Well, this is all very interesting. I have a line of reasoning to offer, but I’m afraid it is incomplete as an exercise in apologetics due to lack of citations. However, there’s a beneficial adjustment to be made.
This threw me a little, but helped clarify what was bothering me. Why did it throw me? Because offering sacrifice is what is essential to priesthood itself, both the priesthood of the Old Testament and the New. So this was not some enhancement over time, as though sacrifice only emerged gradually as germaine to priesthood.
What was at the heart of the Old Testament priesthood was the bloody sacrifice. It was required by God, for the salvation of the people, and could only be offered by a priest at the altar, acting on the behalf of the people. There is no sacrifice without the priest, and sacrifice, the OT teaches, is what God demands for salvation.
The priesthood of the New Testament, because it is the fulfillment of the priesthood of the Old Testament, continues essentially sacrificial. The sacrifice is now unbloody, it is once and for all, and it is effective rather than symbolic. It is eternally offered by the Perfect Victim, the Lamb, Himself, once and for all, on the altar of Calvary, for forgiveness of the sins of the people. His earthly priest, standing in His place at the altar, on behalf of the people, offers that Sacrifice in time.
The other functions of the new priesthood are also participations in Christ’s Sacrifice. So priests extend the forgiveness of sins He accomplished on the cross. Full priests (bishops) use their apostolic succession to pass on the power to offer the Sacrifice.
After all, the word “priest” in the sacrificial sense (like Jewish or Pagan priests) was not used in the New Testament for Christian ministers. Rather, presbyters/elders/bishops.
Yes, but the idea of Sacrificer On Behalf of the People was integral in the NT to whatever word (presbyteros) they used for their annointed leaders. For we know that the New Sacrifice was offered continuously from the moment it replaced the Old.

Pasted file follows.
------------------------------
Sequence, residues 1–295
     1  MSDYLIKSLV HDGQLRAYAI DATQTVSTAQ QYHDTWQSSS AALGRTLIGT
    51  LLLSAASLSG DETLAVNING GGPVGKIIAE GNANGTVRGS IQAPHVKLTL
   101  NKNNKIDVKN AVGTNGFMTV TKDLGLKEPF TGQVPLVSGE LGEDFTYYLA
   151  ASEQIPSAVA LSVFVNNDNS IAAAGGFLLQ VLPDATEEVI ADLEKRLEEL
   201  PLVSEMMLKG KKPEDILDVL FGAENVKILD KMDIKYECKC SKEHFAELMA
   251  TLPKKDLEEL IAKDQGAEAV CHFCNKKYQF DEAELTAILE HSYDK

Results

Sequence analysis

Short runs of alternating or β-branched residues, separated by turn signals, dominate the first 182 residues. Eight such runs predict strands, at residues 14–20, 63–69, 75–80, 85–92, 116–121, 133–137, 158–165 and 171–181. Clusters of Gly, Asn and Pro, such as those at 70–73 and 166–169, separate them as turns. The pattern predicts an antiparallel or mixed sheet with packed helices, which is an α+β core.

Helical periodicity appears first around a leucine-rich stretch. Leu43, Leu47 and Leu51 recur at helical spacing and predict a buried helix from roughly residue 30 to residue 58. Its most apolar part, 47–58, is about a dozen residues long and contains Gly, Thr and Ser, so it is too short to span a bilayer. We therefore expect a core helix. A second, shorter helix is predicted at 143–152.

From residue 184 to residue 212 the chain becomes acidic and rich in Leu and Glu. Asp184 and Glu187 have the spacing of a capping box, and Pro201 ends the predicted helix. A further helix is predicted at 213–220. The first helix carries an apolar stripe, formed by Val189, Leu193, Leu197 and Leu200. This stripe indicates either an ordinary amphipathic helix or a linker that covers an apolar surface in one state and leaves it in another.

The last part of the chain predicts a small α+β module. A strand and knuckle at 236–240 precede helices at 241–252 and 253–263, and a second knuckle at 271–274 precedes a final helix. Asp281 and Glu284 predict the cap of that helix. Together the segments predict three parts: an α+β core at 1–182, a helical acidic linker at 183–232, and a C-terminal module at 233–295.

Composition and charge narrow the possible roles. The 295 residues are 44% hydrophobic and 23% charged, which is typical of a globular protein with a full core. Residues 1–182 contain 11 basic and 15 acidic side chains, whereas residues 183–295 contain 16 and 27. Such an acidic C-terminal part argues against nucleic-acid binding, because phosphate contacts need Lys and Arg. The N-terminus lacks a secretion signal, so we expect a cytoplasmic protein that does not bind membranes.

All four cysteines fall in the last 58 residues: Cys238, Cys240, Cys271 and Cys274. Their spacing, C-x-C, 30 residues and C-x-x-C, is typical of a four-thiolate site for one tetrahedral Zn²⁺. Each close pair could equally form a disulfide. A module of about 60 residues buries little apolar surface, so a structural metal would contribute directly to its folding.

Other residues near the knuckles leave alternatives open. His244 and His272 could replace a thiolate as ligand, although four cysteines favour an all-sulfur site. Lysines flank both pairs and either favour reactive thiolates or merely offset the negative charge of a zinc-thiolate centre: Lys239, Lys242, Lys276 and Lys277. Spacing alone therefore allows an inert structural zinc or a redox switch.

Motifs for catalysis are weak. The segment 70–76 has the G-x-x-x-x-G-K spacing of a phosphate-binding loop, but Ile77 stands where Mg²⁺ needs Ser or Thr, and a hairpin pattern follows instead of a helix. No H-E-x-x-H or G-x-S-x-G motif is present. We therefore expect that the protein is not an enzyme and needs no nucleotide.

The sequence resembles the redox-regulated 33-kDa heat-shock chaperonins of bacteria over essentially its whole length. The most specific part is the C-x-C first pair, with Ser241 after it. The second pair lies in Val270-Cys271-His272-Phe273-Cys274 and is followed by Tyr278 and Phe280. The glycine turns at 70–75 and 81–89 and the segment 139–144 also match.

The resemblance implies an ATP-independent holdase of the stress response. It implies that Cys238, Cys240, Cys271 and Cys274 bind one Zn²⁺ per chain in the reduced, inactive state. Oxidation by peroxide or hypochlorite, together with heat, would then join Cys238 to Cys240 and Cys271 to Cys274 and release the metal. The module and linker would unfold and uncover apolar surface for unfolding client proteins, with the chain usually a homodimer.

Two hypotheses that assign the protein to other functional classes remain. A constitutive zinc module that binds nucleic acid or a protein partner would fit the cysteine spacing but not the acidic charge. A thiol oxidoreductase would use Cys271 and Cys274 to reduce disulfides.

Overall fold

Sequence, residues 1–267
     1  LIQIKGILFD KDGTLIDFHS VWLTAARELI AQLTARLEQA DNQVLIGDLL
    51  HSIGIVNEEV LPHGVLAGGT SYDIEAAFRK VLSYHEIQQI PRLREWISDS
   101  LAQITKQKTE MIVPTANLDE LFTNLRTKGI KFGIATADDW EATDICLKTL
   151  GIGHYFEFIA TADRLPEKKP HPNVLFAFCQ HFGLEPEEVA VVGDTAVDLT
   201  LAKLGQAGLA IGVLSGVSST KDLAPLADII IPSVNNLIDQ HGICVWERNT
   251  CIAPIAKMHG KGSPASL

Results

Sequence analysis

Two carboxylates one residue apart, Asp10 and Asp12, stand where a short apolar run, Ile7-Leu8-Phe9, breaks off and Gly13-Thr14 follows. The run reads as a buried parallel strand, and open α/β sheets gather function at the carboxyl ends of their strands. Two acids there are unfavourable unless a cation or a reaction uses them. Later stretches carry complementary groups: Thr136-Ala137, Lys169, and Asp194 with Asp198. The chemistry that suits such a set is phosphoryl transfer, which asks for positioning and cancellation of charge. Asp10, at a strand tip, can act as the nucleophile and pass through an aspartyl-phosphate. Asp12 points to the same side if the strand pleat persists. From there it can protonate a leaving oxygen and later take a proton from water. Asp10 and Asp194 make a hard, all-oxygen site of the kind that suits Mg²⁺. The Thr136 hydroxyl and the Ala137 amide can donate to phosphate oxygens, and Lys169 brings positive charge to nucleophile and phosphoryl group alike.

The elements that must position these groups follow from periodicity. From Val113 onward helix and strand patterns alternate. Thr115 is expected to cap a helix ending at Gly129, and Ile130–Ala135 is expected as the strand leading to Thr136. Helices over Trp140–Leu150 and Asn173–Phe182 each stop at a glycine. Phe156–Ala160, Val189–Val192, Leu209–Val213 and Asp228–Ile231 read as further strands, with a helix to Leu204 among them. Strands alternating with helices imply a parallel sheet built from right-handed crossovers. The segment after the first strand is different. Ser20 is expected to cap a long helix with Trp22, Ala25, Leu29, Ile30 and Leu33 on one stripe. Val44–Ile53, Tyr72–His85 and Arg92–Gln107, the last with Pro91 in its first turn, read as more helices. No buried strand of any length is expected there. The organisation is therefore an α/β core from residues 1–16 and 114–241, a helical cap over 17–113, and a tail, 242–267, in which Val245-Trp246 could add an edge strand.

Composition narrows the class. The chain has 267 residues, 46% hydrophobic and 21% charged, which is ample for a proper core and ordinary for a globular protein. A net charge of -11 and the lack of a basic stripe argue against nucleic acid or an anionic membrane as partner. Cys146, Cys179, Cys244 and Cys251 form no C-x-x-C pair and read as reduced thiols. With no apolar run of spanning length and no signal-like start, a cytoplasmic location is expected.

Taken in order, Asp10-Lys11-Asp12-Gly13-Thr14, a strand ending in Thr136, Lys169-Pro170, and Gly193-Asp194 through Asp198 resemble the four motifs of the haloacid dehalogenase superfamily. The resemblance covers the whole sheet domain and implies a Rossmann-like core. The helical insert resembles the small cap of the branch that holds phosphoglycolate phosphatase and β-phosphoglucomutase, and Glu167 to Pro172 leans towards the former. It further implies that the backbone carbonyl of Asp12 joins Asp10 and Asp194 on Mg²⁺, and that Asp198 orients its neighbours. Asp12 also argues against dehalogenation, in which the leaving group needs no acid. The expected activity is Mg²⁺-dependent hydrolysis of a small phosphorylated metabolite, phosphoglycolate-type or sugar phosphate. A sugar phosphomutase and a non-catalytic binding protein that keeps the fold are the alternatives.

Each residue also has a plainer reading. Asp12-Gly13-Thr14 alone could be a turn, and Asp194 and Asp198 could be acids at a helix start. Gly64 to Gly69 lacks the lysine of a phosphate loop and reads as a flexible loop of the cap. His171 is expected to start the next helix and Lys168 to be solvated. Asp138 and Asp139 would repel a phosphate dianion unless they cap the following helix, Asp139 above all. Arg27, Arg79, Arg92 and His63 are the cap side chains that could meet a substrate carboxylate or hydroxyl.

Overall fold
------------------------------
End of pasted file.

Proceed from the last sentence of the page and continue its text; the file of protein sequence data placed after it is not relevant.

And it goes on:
I would think that the new Christians didn’t use the old word for priest because at the cultural moment of transition it was appropriate to emphasize the difference between the Old and New Sacrifices.
It was not to de-emphasize sacrifice itself, for sacrifice itself was taken for granted in that context.
But the bloodiness, the purely symbolic character of the old sacrifices: these aspects, believed so integral to proper sacrifice before God, had to be relinquished, in fact untaught.
Instead, the true nature of Sacrifice was revealed; and the unbloodiness and lived humility of the Real Sacrifice was underlined. So you use a different word, presbyter, to highlight the important difference when in so doing you risk no confusion as to what is essential.
What is essential is at risk now, as the sacrificial essence of priesthood is minimized, and the lay priesthood is elevated.
Soft pedalling Sacrifice as the kernel of priestness confuses what is Catholic. All the rest of a priest’s ministry is but various extensions from that kernel; just as all of Christian belief is but the living out of Christ’s Sacrifice on the Cross.
The priesthood of the laity is what we all can do, without being annointed priests–and we can do it all but the Sacrifice (and the sin-forgiving and the passing on of received priesting power). That’s why anybody in Protestantism can achieve priestliness, because there is the priesthood of the laity, which is what all the unordained have. (Protestantism uses the word ordination without having the thing ordination.)
Hope this is a clarification for the thread, rather than a distraction… Thanks for the topic.